African Union Says Crisis in South Sudan Is Worsening
Jeffrey Gettleman, The New York Times
01 February 2016
NAIROBI, Kenya — A new report written for the African Union and made public on Monday presented an especially grim picture of South Sudan’s civil war, blaming government forces and rebels for the declining humanitarian situation in the world’s newest country.
The nine-page report, written by an evaluation commission for the African Union and dated Jan. 29, listed five violations of a cease-fire agreement, including an episode in October in which government forces were responsible for the deaths of 50 people who died from suffocation inside a shipping container. Investigators said the rebels had looted United Nations barges and ambushed civilians, killing or wounding about a dozen people in an attack in December.
“There is limited consolidation of peace, a worrying economic decline and violence ongoing,” the report said. “The economy is in particularly dire straits, with foreign reserves rapidly diminishing, growing inflation and rapid depreciation of the national currency.”
South Sudan, which gained independence from Sudan in 2011, has been steeped in ethnic conflict since violence broke out in 2013. Thousands of people have died, thousands more are on the brink of starvation, and there have been repeated allegations of mass rape, massacres of civilians and forced cannibalism.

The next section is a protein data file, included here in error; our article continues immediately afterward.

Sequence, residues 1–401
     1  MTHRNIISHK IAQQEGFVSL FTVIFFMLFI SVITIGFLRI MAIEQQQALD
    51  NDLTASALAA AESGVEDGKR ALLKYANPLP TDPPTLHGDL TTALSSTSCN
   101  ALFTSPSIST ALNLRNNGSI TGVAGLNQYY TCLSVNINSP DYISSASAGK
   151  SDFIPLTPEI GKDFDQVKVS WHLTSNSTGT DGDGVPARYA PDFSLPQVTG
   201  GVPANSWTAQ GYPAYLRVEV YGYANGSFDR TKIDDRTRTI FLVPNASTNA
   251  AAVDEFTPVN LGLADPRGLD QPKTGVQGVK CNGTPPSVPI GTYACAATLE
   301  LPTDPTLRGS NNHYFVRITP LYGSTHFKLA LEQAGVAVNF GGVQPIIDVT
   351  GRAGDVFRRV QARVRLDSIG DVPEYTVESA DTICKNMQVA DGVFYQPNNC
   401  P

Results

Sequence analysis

According to another report, prepared by a United Nations panel of experts on South Sudan, both sides in the conflict are trying to build up their arsenals. The government recently bought three military helicopters that have led to “the expansion of the war, and have emboldened those in the government who are seeking a military solution to the conflict at the expense of the peace process,” the United Nations report said.
The rebels were also trying to get more arms from “numerous sources, though with comparatively limited success,” that report added.
Western powers and the African Union have tried to broker a lasting agreement between the government, which is dominated by the Dinka ethnic group, and the rebels, who are mostly Nuer, but so far the leaders from both sides appear to be opposed to any immediate reconciliation.
A veteran American official who has followed the conflicts in Sudan and South Sudan closely for more than two decades said the violence in South Sudan was the worse it has ever been. “I have never seen such brutality and pain,” said the former official, who did not want to be named for fear of disrupting already tenuous negotiations between the warring parties in South Sudan.
“There are people on both sides who are reckless and obstructionists,” he added.
© 2016 The New York Times Company
Follow us:by Share this:by